Referencing “The Ethical and Religious Directives for Catholic Health Facilities” issued by the U.S Conference of Catholic Bishops, Hilliard noted that “medications that have the potential to stop ovulation, such as Plan B, should be provided if medical assessment of the victim indicates that ovulation can be interrupted. However, drugs, devices and procedures administered at a time when they will have an abortifacient effect violate human life and dignity” and thus cannot be used.
But what happens when pregnancy can not be prevented, and a victim of sexual assault faces the choice of whether to carry her assailant’s child or have an abortion? Pro-life conferences have featured stirring testimonials from women and children about the fateful decision to carry a pregnancy to term in such cases, but their stories rarely surface in the media or even Sunday homilies.
Janet Smith, a professor of moral theology at Sacred Heart Major Seminary in Detroit and a popular author and speaker, has long sought to challenge the received wisdom on abortion in cases of rape during presentations at conferences and in classrooms with young people, including seminarians.
“Compassionate young people who are understandably horrified by the act of rape are very confused about the Church’s teaching on this,” agreed Smith, and “partisans also use this confusion to keep abortion legal.”
However, Smith asks her audience to step back and consider what is being asked of a woman who is pregnant as a result of rape.
“Rape is a horrible thing, and no one wants to minimize the consequences for the victim. It would be a huge sacrifice to carry this life to term — and today we just don’t think that people should be asked to make great sacrifices,” Smith suggested.
Such comments may seem shocking, even uncaring, but Smith says her arguments have shaken the complacency of audiences that haven’t been asked to embrace a call to great self-sacrifice.
“When I started to do sidewalk counseling, I spoke with a girl who was pregnant because of rape. She told me she didn’t want an abortion — ‘But everyone says I would be stupid to carry a baby that I got because of a rape.’”
Smith doesn’t think an act of great generosity is “stupid.”
“The simple point is that an unborn child’s right to life isn’t dependent on the goodness or badness of its father. The child becomes the second victim of the rape, paying for the sins of its father if it’s life is taken away.”
Richard Doerflinger, the chief lobbyist on life issues for the U.S. Conference of Catholic Bishops, confirmed that the conference had been fielding calls about the Church’s stance on a vexed issue that has left many people in the pews confused.
“Because this question is getting raised in the news in connection with the electoral campaign, I would much prefer to send you background information,” he told the Register. “As you know, the bishops’ conference tries not to comment on candidates and their positions as such.”
With that caveat, Doerflinger provided some context for the moral debate within the Church and the pro-life movement regarding efforts to bar legal abortion in cases of rape.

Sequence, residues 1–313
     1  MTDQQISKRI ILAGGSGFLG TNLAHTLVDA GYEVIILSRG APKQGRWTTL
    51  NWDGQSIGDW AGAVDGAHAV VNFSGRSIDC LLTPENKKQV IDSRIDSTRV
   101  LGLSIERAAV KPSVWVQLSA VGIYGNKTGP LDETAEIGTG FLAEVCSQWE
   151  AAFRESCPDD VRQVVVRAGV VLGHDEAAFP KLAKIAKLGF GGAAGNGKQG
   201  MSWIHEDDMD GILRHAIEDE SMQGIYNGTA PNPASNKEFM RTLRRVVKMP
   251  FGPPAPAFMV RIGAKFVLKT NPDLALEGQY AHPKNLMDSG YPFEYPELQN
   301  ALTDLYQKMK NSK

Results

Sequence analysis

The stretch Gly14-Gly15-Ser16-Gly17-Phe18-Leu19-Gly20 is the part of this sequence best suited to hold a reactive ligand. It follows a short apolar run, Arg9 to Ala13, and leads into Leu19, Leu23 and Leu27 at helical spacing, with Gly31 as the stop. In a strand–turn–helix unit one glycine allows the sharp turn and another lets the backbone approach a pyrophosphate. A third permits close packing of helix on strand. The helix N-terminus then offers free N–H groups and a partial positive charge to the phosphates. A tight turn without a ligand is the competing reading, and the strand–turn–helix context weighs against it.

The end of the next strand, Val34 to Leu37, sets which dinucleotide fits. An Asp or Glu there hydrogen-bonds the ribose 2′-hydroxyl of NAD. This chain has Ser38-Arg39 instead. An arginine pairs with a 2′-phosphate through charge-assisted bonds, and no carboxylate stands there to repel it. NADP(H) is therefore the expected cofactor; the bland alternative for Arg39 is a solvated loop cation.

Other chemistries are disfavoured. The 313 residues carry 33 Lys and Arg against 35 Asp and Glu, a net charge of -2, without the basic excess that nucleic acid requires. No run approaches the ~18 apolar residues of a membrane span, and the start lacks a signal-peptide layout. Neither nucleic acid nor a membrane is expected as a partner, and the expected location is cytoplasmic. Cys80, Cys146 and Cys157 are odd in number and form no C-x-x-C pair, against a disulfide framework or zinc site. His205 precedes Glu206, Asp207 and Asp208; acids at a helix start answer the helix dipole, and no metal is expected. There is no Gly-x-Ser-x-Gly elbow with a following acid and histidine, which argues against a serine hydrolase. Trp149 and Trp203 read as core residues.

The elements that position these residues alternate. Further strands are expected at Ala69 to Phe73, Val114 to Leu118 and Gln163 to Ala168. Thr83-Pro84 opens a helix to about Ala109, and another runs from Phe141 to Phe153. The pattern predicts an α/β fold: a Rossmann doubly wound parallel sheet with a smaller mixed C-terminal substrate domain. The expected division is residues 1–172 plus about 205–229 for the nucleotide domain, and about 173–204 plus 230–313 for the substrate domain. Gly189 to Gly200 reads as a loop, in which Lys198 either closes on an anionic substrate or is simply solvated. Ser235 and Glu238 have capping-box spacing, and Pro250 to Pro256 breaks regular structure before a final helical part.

He noted that in “federal policy this subject has been debated chiefly in the context of the Hyde Amendment, a rider to the annual Labor [Department]/HHS appropriations bill that prevents federal funding of abortion. For many years, that amendment did not allow funding for abortions in cases of rape.”
In 1993, however, “the House of Representatives prepared to approve an appropriations bill that dropped all restrictions on abortion funding. After concluding that his only opportunity to restore the Hyde Amendment would be defeated unless it included a rape/incest exception, Congressman Henry Hyde reluctantly allowed that exception to be added. Hyde and parallel provisions in many other federal laws have included such an exception since then.”
Doerflinger noted that even with the exemption for incest and rape, “the Hyde Amendment has prevented federal funding of well over 99% of the abortions that would otherwise receive federal support. Without the amendment, the government had funded about 300,000 abortions a year in Medicaid; that number was cut down to a few hundred each year.”
Pope John Paul II, in his groundbreaking 1995 encyclical Evangelium Vitae (The Gospel of Life), stated that legislative compromise was morally acceptable in certain situations.
“[W]hen it is not possible to overturn or completely abrogate a pro-abortion law, an elected official, whose absolute personal opposition to procured abortion was well known, could licitly support proposals aimed at limiting the harm done by such a law and at lessening its negative consequences at the level of general opinion and public morality. This does not in fact represent an illicit cooperation with an unjust law, but, rather, a legitimate and proper attempt to limit its evil aspects” (73).
Doerflinger echoed this point in his comments for the Register.
“The Church opposes all direct abortion and federal funding for all such abortion. But without supporting the exceptions, the bishops’ conference has supported the restrictions placed on abortion funding by the Hyde Amendment and similar laws for the sake of the good they do and the many lives they save.”
Joan Frawley Desmond is the Register’s senior editor.